Tag Archives: Liz Weir

Liz Weir’s Monday Book

So y’all know that I’m holed up in West Virginia in a gorgeous luxury flat, typing away at a new book. As I won’t be getting much else done these three months, friends and fellow writers have stepped in to cover the Monday book through March. Liz Weir is the first – a longtime friend and magnificent storyteller. Take it away, Liz!

I wonder what American readers will make of this book, gifted to me by my daughter for Christmas?

lost wordsA sumptuously illustrated, coffee-table sized book, which contains magic within its pages. Inspired by the decision of the Oxford Junior Dictionary to remove 50 ”nature” words from its pages to replace them with words such as “broadband” and “attachment” . It has been recognised that there is a connection between the decline in natural play and children’s wellbeing so for me this is a partial antidote.

In this book Robert MacFarlane decided to explore words from the wild and with illustrator Jackie Morris they have produced a beautifully crafted book which helps young and old alike reconnect with wild experiences. The illustrations in watercolour and goldleaf do perfect justice to the text. It should be pored over rather than read cover to cover at one sitting, containing as it does acrostic “spell” poems intended to be read out loud, stunning images and a richness of language often lost to many of us.

Words like “acorn”, “bramble”, “kingfisher” “heather”, words which roll off the tongue, and yet which can so easily be forgotten. Often we talk and write about conservation but unless we retain the words to describe the beauties of the natural world they can disappear from our conversation.

Apart from the delight of simply exploring its pages I intend to use the book to work with young people during creative writing sessions. While I generally try to encourage them to find the very “best” words when writing poems, Lost Words will provide an added stimulus.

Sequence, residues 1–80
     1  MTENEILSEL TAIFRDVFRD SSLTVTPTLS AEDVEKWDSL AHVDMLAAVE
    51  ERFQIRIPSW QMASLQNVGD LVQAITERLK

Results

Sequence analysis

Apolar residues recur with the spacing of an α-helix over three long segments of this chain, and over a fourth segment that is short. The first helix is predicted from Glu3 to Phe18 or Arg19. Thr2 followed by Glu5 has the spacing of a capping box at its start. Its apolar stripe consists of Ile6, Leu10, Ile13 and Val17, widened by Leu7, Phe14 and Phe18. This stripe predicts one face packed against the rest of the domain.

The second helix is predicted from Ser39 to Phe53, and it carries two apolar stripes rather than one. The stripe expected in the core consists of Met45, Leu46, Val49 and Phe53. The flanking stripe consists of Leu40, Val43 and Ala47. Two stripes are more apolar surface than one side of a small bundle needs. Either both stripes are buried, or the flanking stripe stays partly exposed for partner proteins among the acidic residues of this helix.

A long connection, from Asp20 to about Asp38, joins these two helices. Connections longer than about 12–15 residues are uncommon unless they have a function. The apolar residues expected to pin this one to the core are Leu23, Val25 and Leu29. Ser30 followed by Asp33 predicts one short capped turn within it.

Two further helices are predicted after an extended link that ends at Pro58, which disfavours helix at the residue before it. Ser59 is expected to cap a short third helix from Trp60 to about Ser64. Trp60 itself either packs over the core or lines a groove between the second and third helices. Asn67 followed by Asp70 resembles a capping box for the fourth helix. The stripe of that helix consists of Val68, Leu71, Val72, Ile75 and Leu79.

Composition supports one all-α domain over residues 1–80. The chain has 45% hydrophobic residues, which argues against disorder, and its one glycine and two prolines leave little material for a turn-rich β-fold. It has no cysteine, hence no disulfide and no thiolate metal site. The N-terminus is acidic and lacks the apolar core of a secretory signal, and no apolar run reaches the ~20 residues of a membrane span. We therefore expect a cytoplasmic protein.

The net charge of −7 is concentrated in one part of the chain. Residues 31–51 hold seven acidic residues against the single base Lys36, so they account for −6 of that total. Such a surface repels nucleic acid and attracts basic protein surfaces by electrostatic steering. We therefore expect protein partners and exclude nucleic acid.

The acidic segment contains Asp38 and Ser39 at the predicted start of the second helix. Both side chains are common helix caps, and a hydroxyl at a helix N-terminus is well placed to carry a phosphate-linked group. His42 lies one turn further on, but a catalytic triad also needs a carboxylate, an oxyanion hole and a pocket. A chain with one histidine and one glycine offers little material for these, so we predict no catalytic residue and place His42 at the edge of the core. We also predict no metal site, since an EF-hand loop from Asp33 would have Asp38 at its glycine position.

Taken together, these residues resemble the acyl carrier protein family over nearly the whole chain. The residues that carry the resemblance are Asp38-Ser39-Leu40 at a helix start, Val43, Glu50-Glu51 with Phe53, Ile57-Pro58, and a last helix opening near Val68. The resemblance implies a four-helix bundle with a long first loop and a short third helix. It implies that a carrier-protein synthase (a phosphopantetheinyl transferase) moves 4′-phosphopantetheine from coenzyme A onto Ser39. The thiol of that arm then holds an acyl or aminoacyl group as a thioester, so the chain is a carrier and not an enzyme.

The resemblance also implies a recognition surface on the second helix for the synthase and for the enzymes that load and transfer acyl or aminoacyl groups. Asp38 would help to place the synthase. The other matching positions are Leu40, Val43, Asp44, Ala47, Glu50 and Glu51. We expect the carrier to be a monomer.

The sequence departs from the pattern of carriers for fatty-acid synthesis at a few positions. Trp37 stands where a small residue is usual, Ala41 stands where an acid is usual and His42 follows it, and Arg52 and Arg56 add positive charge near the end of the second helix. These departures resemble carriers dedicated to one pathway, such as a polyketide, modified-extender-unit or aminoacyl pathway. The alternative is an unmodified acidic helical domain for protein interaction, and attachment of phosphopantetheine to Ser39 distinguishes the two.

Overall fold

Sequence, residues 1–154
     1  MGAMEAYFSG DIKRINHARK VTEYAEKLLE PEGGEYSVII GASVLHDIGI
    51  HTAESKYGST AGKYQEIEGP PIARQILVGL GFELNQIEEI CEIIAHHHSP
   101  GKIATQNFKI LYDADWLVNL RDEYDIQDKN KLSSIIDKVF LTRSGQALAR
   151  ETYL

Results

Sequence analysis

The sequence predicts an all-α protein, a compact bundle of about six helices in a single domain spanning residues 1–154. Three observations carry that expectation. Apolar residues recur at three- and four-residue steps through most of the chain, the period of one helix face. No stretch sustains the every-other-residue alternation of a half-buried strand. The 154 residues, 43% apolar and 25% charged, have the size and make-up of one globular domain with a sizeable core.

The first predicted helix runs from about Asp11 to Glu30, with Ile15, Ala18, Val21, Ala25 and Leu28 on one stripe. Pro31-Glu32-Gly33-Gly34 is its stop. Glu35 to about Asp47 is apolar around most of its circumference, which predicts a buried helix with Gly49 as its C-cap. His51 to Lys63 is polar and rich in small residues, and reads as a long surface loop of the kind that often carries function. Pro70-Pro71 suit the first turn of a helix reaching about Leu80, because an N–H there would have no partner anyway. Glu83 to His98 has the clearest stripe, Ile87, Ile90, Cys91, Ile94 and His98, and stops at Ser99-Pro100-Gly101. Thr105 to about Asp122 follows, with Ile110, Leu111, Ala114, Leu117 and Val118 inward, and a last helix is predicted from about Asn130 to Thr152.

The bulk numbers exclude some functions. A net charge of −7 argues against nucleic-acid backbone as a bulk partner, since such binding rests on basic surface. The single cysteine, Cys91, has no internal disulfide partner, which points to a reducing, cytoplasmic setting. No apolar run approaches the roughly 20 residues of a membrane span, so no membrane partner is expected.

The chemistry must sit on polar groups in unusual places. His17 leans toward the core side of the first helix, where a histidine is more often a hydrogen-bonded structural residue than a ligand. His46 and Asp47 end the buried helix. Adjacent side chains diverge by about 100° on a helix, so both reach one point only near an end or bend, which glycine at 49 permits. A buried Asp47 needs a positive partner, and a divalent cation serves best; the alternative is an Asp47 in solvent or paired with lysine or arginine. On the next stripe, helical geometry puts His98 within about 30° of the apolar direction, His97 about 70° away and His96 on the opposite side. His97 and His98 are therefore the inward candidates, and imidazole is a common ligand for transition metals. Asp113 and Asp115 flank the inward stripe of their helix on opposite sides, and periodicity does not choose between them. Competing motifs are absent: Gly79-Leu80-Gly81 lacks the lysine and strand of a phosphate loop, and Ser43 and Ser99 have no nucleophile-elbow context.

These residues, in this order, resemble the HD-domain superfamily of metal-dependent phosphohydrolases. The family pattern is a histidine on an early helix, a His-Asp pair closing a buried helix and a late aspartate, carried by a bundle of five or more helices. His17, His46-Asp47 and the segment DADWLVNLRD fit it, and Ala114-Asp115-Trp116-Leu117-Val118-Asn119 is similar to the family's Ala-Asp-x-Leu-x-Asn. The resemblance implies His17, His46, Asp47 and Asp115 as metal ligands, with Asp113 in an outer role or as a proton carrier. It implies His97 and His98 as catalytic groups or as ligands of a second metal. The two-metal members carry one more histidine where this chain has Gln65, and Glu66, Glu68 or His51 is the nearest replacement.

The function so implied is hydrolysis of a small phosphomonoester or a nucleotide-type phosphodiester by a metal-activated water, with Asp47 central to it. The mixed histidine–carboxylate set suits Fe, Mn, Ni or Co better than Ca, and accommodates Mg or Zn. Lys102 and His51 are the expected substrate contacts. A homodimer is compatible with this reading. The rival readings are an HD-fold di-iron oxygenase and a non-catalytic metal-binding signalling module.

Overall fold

Visually, it is a lovely book, and while the librarian in me might ask where folks will shelve this large tome, I urge people to acquire a copy for the sheer delight of exploring it. The author encourages readers to “seek, find and speak”. Please do!

As one who is very reticent about letting other people choose my books I realise that my daughter knows me very well. What better gift for a storyteller and lover of language, or in my opinion for anyone?

Liz Weir is a storyteller from the Antrim Glens in Northern Ireland. Visit her website.

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Filed under between books, book reviews, bookstore management, Life reflections, Little Bookstore of Big Stone Gap, out of things to read, reading, Scotland, Uncategorized, writing

FRIENDS OLD AND NEW

Jack’s weekly guest blog comes from Scotland this time, as Jack finishes leading his annual tour of Scotland and Ireland.

doune-castleIt’s always interesting to be in Scotland with my annual tour group. The group almost always includes new folk, folk I already know, and ‘returnees’ from previous tours. This year is no exception – David and Susan are both old friends and returnees, while our newish friend Joe came with his fiancee Amy (who I hadn’t met and is delightful). The newbies in every sense are Phil and Wanda, who heard about the tour from my radio show.

The tour started strong, as what might have been a disaster was averted by our new booking agent. We found that there was going to be a ferry strike on the day we were booked to sail to Mull, where were booked to spend the night in Tobermory. At very late notice the redoubtable Irene, travel agent genius, got us booked into a hotel in Oban and our ferry booking moved to the next morning; all was well!

The weather proved kind and we had hardly any rain, even quite a few bright sunny days. We were able to see Castle Stalker and Doune Castle – both settings for ‘Monty Python and the Holy Grail’ (Doune is also the setting for ‘Outlander’) and then retire to fabulous hotel food at night.

I was able to find most of the requested items to bring back with me for friends back home, ranging from whisky to flat caps. My old friends Liz Weir and Pete Clark did us proud representing the music and story culture of Ireland and Scotland. As I write this another old friend, Doli McLennan, is preparing to welcome us to her home in Edinburgh on our last night, and waxing lyrically on Facebook about the prospect.

For logistical reasons, I had more opportunity to catch up with friends and relations before the tour started this year, about a week longer than usual. That was great, but I ended up feeling a bit homesick for Big Stone for the first time. Very strange!

But it’s great to see my homeland through other people’s eyes each year and be reminded what a beautiful and remarkable country I came from.

For information on Jack’s annual tours, contact him via jbeck69087@aol.com. Pictures from this year will be available later at a site yet to be named.

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Filed under Big Stone Gap, bookstore management, Downton Abbey, folklore and ethnography, humor, Life reflections, Little Bookstore of Big Stone Gap, Scotland, small town USA, Uncategorized, VA, Wendy Welch